|Thesis abstract: |
Code examples play a crucial role in modern software development complementing the existing documentation and facilitating the learning curve of developers. However, generating meaningful code examples for a given API and finding the relevant ones is a difficult and time-consuming activity. In practice, insufficient or inadequate examples represent the greatest obstacle to effectively learn an API. This aspect becomes even more relevant during software maintenance where maintainers usually have to deal with multiple and different APIs that they may have not exercised neither recently nor frequently.
In response to the increasing need of meaningful code examples, research has been focusing on techniques to automatically extract or generate them. Approaches that propose relevant examples to support developers while they code are commonly referred to as code recommendation systems and represent the focus of my research. To find or generate the examples to recommend, existing approaches typically rely on external sources such as the source code of existing projects, and code fragments available online. Although they assume availability of such sources of information, in reality, these sources may be inaccessible or limited (e.g., let us consider the case of newly released APIs that are not publicly released). In addition, even if available, these sources of information may be untrustworthy or may contain outdated and low quality content. These issues hamper the applicability of existing code recommendation solutions in many practical scenarios.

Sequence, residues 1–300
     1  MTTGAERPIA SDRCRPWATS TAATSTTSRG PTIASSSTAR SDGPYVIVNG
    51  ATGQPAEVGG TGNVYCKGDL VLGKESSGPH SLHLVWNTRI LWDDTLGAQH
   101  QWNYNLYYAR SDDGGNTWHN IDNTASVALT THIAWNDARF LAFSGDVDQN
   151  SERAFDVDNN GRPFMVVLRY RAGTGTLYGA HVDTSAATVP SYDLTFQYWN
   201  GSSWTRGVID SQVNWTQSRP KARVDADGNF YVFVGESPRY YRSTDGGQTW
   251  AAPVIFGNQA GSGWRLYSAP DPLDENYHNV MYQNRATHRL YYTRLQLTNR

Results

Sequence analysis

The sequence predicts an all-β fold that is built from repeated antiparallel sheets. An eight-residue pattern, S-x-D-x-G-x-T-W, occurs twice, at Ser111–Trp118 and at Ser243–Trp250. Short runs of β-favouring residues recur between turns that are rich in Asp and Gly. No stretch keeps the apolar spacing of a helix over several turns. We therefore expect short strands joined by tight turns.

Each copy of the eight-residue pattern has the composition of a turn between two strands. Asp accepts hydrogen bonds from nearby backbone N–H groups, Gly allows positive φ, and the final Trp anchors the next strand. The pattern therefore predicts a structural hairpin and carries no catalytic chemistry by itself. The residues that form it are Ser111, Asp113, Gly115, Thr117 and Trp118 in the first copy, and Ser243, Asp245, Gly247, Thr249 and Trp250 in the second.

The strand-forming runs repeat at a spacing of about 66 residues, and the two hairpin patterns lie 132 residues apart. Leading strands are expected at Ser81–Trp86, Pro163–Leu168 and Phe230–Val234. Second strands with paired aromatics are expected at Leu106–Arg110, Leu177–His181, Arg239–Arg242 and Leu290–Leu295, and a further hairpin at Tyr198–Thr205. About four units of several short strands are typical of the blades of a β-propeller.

My research addresses these issues and proposes a novel and general approach for code recommendation based on unit tests. The proposed solution mines the unit tests of a given API and synthesizes appropriate and relevant examples from them. The rationale behind this idea is that we believe unit tests may represent an ideally self-contained, consistent, and trusted source of information from which it is possible to synthesize meaningful and useful code examples to be shown as relevant recommendations to developers.
Please visit my homepage for more information.